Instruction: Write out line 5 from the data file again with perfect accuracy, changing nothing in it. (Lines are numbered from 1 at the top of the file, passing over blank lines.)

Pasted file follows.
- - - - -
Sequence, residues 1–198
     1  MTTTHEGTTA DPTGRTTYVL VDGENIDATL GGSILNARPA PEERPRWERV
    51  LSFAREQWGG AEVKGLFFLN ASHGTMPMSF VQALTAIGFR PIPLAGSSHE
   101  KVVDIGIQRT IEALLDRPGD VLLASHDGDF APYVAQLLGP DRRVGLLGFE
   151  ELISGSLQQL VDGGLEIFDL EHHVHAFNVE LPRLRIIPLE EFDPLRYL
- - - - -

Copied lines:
   151  ELISGSLQQL VDGGLEIFDL EHHVHAFNVE LPRLRIIPLE EFDPLRYL